But why don’t they want it?
How many of them have studied the issues, even counted them? And how many simply adopted the position of somebody they “trusted” without even wondering if they should?
I can’t remember how many times I’ve seen you write about the people lost in “Trump Derangement Syndrome” bubbles, kept there by repeated doses of “Deep State”/establishment propaganda. People who trust the “unanimous finding of 17 Intelligence Agencies” as authorities.
Remember that the same massive accumulation of propaganda forces was solid in opposition to Mr. Trump, spewing lies such as his “openly bragging about assaulting women against their will” (based on a private “locker room”-type brag about willing women), or that he “mocked a reporter’s disability” (based on dishonest pictures of justified mockery that had no resemblance to the disability in question and was also applied to many non-disabled targets),
Despite this massive dishonest opposition, he won. We can only guess how much stronger his victory would have been if the entire mainstream media had remained “objective” and most Republicans had supported their party’s candidate, but certainly somewhat.
With that victory, it was President Trump and those he appointed who have the mandate to govern. Given that most (probably) of the “overwhelming majority of Americans” haven’t bothered to look into the issues, and certainly wouldn’t have the technical knowledge to understand them if they did, why should they be consulted rather than the experts appointed by those they elected? Especially since, as noted above, corporate supporters of both sides have been spewing propaganda to distract from the actual issues?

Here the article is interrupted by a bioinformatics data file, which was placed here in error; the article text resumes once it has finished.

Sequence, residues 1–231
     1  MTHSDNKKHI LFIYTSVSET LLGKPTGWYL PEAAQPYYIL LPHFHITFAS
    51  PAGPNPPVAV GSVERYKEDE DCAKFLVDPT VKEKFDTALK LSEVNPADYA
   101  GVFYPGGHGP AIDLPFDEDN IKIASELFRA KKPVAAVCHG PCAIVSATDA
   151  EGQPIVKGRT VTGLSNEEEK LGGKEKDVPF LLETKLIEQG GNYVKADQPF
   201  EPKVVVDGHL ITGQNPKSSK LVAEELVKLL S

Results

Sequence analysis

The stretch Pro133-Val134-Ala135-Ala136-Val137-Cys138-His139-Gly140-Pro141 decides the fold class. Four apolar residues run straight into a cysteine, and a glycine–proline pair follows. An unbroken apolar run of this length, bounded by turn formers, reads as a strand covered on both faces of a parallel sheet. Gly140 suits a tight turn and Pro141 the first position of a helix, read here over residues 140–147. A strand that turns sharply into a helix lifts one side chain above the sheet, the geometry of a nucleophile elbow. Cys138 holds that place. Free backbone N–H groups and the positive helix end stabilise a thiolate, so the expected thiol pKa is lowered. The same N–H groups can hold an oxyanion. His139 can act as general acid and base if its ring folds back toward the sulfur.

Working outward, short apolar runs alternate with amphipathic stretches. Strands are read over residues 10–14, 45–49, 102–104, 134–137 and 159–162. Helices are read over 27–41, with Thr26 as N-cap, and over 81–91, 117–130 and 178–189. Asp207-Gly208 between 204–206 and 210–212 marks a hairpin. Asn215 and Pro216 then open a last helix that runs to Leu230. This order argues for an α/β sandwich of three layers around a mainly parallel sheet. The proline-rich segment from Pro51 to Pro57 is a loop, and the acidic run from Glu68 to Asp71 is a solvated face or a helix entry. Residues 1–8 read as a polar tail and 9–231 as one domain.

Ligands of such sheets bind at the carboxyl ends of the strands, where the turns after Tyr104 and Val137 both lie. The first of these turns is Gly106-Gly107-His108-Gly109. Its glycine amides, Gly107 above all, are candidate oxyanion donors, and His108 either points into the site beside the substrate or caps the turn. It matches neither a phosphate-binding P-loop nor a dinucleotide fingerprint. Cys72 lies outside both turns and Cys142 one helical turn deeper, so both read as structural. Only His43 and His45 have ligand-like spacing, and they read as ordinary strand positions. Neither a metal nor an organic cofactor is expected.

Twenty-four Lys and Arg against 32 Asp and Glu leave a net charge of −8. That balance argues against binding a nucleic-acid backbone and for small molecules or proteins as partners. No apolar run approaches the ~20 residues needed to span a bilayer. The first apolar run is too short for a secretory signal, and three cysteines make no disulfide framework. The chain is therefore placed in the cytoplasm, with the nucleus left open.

Personally, having studied the issues and understanding the logical infrastructure of the Internet (e.g. TCP/IP), I think “last mile” consumer internet access should ideally be completely transparent to content and source.
But I completely share the Republican skepticism in the ability of government regulation to achieve this, especially regulations imposed under Obama/Democrat control. Given that Mr. Trump campaigned with the commitment to reduce bureaucratic and regulatory interference with business activity and competition, this is a logical outcome of the decision by voters to vote for him, or stay home out of disgust rather than vote for Horrible Hillary.
Until Obama and his (pseudo-)socialist goons interfered, the FCC was probably one of the best, or anyway least bad, of regulatory bureaucracies. They have (for at least a few decades) taken seriously their mandate to foster competition, and use regulations primarily to create a common infrastructure for that competition.
Given our general ignorance of the detailed outcomes of either option, it is quite plausible that competition in “last mile” internet provision, with the traditional “light touch” FCC regulation, will do a better job of fostering good internet access for everybody.
See, for instance, the discussion by Scott Adams starting at about 13:36 right below. (Scott certainly isn’t technical, but he studied economics so has some familiarity with the role of competition.)
Elections have outcomes, and this is one of them.